For the past 175 years, the bulk of tyre innovation has focused on improving the structure and composition of the tyre itself (as discussed in our recent blog). However, manufacturers are always looking for new ways to optimise tyre design and performance, hence the growing focus on tyre sensing and the emergence of so-called smart tyres.
A racing start
Like many burgeoning automotive technologies, the first tyre sensors were established in Formula 1. Under the strain of race conditions, the main obstacle facing the first sensors was their tough operating environment.
Sensitive electronics are not ordinarily suited to temperatures over 100 ºC, nor to absorbing significant impacts and withstanding the huge centripetal forces acting on the tyre. In fact, the centripetal force resulting from the wheel’s rotation is such that a 10 g sensor has an effective weight over 30 kg when travelling at 200 mph.
The design of the pressure sensor itself is therefore of paramount importance. The pressure sensors work by measuring the amount of deflection in a carefully calibrated diaphragm - the more deflection the more pressure. For tyre applications, the shape of the diaphragm is specially designed to deflect only with changes in tyre pressure, and not with tyre rotation or tyre impacts.
The amount of deflection can then be quantified by a change in the diaphragm’s properties, for example by measuring the resistance, resonant frequency, or capacitance of the diaphragm material. For today’s systems, capacitance is favoured as it is the least power hungry.
Physical challenges aside, the formative tyre pressure monitoring systems (TPMS) were developed solely with speed in mind. Race teams could leverage the tyre pressure data they captured to better understand the demands on a tyre through corners, on different surfaces, and to see how the tyre wore between pit-stops. This relatively primitive data was used by teams to get the most out of the tyres on the track, and by manufacturers to develop the best tyres for the track.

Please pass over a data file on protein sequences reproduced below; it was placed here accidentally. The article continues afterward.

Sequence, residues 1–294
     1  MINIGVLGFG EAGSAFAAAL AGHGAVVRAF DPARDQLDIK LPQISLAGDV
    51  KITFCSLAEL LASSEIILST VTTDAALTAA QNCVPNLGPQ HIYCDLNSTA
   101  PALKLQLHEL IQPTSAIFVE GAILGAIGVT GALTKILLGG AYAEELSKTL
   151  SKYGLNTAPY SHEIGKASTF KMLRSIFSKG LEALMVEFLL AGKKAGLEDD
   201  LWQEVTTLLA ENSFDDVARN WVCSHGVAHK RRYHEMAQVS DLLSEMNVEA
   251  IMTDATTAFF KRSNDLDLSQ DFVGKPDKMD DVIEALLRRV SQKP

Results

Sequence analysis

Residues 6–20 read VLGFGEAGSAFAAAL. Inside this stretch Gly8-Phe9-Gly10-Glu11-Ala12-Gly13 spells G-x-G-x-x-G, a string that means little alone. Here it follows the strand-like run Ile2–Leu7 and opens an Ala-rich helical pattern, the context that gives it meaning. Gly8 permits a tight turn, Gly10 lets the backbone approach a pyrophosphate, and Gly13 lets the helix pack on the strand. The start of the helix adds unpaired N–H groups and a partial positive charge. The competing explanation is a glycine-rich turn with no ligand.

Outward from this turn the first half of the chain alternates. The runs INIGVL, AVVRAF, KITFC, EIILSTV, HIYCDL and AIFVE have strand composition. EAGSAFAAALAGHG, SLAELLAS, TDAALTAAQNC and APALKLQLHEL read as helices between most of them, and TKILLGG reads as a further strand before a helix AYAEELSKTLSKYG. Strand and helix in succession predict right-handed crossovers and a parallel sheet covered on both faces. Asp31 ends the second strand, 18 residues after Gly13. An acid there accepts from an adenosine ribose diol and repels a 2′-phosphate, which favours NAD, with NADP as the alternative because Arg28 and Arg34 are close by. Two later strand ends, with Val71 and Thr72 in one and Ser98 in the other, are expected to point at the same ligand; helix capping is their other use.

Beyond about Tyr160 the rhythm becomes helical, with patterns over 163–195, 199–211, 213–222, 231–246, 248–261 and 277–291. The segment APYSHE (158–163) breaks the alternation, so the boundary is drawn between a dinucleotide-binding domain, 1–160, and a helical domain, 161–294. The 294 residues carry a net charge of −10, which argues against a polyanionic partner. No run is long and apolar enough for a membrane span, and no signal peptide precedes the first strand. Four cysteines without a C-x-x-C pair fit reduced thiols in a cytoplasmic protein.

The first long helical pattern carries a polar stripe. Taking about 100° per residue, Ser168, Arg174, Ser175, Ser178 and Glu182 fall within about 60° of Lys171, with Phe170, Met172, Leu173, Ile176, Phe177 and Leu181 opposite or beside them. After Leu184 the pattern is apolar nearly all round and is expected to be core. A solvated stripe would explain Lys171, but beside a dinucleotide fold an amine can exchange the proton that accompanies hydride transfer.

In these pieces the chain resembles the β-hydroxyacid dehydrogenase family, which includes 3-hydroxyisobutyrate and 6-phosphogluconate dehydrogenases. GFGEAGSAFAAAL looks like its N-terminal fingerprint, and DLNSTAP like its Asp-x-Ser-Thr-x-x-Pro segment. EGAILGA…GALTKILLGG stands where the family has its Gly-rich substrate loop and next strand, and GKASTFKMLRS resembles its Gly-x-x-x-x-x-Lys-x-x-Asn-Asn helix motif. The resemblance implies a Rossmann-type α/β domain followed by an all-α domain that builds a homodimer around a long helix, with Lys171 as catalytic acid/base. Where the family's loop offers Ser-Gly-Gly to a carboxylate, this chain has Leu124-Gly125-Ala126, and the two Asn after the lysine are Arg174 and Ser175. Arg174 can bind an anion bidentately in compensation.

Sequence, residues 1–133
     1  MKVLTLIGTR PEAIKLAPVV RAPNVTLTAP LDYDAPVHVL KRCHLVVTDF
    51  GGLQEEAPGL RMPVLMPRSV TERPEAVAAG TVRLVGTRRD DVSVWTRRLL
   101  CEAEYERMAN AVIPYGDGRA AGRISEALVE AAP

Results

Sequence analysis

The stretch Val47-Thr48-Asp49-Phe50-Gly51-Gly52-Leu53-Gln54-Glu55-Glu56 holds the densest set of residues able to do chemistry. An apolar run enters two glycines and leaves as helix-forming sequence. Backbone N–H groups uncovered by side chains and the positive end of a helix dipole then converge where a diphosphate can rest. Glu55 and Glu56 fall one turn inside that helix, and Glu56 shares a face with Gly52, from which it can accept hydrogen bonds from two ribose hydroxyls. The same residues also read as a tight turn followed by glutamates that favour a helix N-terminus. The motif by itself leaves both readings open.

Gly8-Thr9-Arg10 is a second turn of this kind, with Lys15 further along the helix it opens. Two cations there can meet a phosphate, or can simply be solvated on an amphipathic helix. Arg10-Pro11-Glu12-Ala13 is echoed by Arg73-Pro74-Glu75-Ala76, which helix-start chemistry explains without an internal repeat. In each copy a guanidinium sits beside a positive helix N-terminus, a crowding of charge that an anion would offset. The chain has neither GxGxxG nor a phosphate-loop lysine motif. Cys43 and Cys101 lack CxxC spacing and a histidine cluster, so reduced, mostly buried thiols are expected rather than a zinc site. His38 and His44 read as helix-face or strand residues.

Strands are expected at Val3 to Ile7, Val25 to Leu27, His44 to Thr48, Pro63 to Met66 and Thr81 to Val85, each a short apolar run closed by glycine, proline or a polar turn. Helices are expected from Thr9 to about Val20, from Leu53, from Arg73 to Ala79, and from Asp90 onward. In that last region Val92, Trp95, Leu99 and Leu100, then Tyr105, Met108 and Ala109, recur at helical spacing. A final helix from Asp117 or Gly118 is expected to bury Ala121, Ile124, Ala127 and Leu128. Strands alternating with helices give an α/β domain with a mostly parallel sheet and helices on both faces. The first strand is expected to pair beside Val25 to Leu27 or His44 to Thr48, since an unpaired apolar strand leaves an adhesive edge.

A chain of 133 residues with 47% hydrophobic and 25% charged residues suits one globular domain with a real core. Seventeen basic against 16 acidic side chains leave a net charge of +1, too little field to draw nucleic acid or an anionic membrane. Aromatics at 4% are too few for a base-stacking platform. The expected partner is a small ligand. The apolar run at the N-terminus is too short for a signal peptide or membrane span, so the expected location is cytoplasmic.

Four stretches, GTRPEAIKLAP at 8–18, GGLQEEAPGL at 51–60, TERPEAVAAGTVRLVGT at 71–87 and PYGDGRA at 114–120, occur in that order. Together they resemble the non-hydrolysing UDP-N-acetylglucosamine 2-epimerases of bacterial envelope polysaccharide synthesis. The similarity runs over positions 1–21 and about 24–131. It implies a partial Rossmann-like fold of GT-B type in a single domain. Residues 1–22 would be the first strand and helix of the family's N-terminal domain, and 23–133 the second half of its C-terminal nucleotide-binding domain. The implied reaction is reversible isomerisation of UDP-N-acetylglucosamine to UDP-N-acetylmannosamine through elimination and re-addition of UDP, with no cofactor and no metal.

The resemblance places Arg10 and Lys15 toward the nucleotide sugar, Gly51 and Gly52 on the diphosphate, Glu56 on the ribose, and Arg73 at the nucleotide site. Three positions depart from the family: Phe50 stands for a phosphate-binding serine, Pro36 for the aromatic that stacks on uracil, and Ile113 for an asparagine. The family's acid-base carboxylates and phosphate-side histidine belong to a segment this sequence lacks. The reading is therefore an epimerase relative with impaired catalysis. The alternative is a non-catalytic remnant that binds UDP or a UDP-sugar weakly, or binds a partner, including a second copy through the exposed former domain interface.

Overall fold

Although track racing and road driving may seem poles apart, many of the objectives of tyre advancement are applicable to both. Reducing braking distance, improving grip, and increasing tyre longevity are as useful in improving road safety as they are in shaving milliseconds off lap times. Indeed, even improved fuel economy has its place in racing, as reduced weight and fewer pit-stops can give teams a competitive edge.
It is no surprise then that tyre sensing technology speedily transitioned from top level racing to more sedate road use.
On the road
For road travel, the safety benefits of TPMS are deemed so significant that the technology has been compulsory on all new EU vehicles since 2012. As a result, there is a huge amount of tyre pressure data available, with new data being generated continuously.
Improved sensors with better accuracy and higher sample rates are accelerating the growth and increasing the quality of this data mountain. In particular, taking measurements more frequently facilitates the study of how pressure changes over time, and even throughout a wheel’s rotation. Combined with information about vehicle type, weight, speed and acceleration (to name a few), and multiplied across millions of cars globally, this offers a rich data pool which is ripe for analysis.
Nonetheless, this valuable resource has historically been left untapped - as the vast majority of the data is not recorded or, at best, is only recorded locally.
As a result, tyre brands are partnering with Big Tech to ‘export’ and ‘exploit’ the data from vehicles. Bridgestone, one of the world’s largest tyre manufacturers, has recently partnered with Microsoft to expand the ‘Microsoft Connected Vehicle Platform’ to start bulk collection of tyre data (see the press release).